Many people believe that because they use a moisturizer or foundation with SPF they don’t need an actual sunscreen, but this is misguided. The sunscreen in these products is usually not very stable and doesn’t provide adequate protection. Even if it did, chances are you’re not using enough of that product to get sufficient sun protection.
As a general rule, you should be using about a quarter teaspoon of sunscreen for your entire face and an additional quarter teaspoon for your neck. If you don’t use enough sunscreen you won’t get the stated protection. When in doubt, err on the side of more sunscreen. You must apply an ample and even coat of sunscreen, and give it time to sink in a bit before applying any makeup. (A quarter teaspoon looks like roughly the size of a quarter in the palm of your hand.) This should be the last step in your skincare.
The rule of thumb is that sunscreen is to be reapplied every two hours. If you’re like me and wear makeup when you’re out and about, this isn’t the most practical of tasks. So, what I do is carry Sunforgettable from Colorescience in my purse. Sunforgettable is a brush on mineral sunscreen that comes in a retractable, refillable brush. It’s available in SPF 30 or SPF 50. With 21% Titanium Dioxide and 11.8% Zinc Oxide (for SPF 30) or 23.9% Titanium Dioxide and 24.1 % Zinc Oxide (for SPF 50) it offers true broad-spectrum sun protection. It comes in three sheer shades for light coverage that touches up my makeup ever so slightly. I’d suggest the SPF 50 since the Zinc Oxide is significantly higher. Read more about why here.
Another product I like for this is from Supergoop. This is a colorless, transparent powder called Invincible Setting Powder. It’s also in a refillable brush for ease on the go and touts an SPF of 45. It features Zinc Oxide at 20%. I especially like the idea of this one because it is colorless and therefore doesn’t add anything extra to your makeup aside from a little powdering. (If you like Make Up For Ever’s Ultra HD Loose Powder, this has a similar finish.) I think powder sunscreens such as these are ingenious inventions for touching up your sunscreen throughout the day.
Full disclosure, I’ve never been a huge fan of the brush housing on these, as I can never tell if any/how much of the product is coming out onto the brush, so what I do is dump the powder into a small, empty mineral makeup jar and carry that plus a travel-sized powder brush in my purse. (Possible tip for you should you also dislike the retractable brushes that the powder is supposed to flow through.)
Beware of mineral makeup that claims to have sun protection. If there is one point I hope to drive home: always, always check the active ingredients. If you remember my past posts about UVA protection, the only mineral that offers solid protection from this aging wavelength is zinc oxide. Through my extensive search through various mineral makeup products, very few of them feature zinc oxide as an active ingredient, and if they do it’s at a nominal percentage.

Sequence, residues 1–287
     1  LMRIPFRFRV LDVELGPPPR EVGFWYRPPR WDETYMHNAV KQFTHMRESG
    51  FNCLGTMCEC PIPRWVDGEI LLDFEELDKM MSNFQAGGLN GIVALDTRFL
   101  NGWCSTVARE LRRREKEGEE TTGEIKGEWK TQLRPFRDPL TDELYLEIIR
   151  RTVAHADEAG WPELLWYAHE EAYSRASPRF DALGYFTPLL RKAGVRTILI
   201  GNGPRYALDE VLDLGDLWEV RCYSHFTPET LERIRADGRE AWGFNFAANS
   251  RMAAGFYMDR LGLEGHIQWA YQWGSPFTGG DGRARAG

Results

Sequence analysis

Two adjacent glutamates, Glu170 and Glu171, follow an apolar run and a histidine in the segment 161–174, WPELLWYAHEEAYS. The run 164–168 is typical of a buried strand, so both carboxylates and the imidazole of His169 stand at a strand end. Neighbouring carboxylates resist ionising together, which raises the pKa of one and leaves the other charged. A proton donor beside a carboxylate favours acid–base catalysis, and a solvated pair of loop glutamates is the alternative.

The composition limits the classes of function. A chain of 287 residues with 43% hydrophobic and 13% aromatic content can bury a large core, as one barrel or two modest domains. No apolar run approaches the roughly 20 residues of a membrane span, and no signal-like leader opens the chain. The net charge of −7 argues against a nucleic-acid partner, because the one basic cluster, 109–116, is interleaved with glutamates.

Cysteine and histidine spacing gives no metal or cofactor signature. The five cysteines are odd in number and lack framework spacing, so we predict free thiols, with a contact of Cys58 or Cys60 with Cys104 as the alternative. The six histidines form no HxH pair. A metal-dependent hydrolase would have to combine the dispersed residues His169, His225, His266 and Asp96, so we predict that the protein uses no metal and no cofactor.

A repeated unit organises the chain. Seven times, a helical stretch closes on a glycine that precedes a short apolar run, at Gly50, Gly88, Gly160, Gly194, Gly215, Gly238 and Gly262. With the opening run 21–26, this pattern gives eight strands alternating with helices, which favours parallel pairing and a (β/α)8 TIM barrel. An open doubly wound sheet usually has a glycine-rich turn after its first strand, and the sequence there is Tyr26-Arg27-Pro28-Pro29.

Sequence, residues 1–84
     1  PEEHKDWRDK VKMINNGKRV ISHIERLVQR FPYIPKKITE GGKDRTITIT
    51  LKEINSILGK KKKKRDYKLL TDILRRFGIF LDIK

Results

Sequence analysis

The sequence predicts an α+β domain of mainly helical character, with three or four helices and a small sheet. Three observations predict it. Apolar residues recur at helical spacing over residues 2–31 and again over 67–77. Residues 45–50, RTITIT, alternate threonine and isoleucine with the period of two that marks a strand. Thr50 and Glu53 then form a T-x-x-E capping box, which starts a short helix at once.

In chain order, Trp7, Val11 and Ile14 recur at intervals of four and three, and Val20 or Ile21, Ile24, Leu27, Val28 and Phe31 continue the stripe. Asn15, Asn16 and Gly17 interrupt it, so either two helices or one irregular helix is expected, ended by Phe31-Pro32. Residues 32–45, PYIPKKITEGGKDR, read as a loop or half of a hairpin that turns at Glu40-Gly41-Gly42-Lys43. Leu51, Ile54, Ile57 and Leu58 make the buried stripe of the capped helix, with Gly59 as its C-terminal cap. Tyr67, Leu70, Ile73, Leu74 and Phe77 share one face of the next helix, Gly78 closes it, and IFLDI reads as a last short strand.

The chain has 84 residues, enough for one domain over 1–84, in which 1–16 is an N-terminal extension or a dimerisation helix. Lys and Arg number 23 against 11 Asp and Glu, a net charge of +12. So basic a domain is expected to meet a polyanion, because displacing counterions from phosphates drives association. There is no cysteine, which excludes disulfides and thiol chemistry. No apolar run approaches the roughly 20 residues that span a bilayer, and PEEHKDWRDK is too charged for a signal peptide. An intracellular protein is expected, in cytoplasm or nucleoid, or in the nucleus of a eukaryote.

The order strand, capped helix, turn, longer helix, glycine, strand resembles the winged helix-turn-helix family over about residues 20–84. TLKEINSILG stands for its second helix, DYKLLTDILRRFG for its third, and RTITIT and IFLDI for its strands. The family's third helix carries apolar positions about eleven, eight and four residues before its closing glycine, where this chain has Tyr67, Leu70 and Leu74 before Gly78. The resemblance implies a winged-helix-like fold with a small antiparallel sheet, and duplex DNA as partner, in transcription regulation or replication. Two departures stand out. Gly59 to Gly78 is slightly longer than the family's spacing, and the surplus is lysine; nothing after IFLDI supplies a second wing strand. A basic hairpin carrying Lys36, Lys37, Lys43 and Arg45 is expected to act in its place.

The one exception I’ve found recently isn’t a loose mineral powder but a pressed powder foundation from It Cosmetics. The “Your Skin But Better CC+ Airbrush Perfecting Powder 50+” features Titanium Dioxide at 20%, and Zinc Oxide at 16%. They also make something called “Celebration Foundation SPF 50+” with the same percent of active sunscreen ingredients. If you like pressed powders they’re both high quality, finely milled, silky powder products. The Celebration Foundation has a bit more coverage than the Airbrush Perfecting Powder. If anyone knows of any other powder products with suitable sunscreen actives, please share!
Keep in mind, many mineral foundations and powders will list zinc oxide in the ingredients, but if it isn’t listed in the active ingredients (with a percentage by it) there isn’t enough present for it to be considered an active ingredient (ie. something that provides much, if any sun protection.)
Sometimes shopping online can be difficult when you are interested in active ingredients. For example, I find Sephora is very inconsistent about posting sunscreen actives. Your best bet is to go to the original product’s website for the info when necessary (although even then they will sometimes leave out ingredients or actives in their descriptions). If you’re really interested in a product either go check it out in person (the FDA requires the information be on the packaging) or call the company and ask.
Of course, for reliable sun protection, it’s always best to reapply a truly broad spectrum, stable, liquid or spray sunscreen every two hours. The reason for this is you’re more likely to get ample and even coverage with a liquid. The powder touchup is sort of the next-best-thing for times when that just isn’t a possibility.
Do your best to cover your face evenly with a powder product. Always bring along your normal sunscreen for neck touch-ups and a lip balm with sunscreen to layer under your lip color.
Grab your sunglasses, a hat, and you’re good to go!
**Click on the photos of any of the products in this post to find out more information or make a purchase. I make no money if you decide to purchase one of them, so you can be sure my recommendation is an honest one.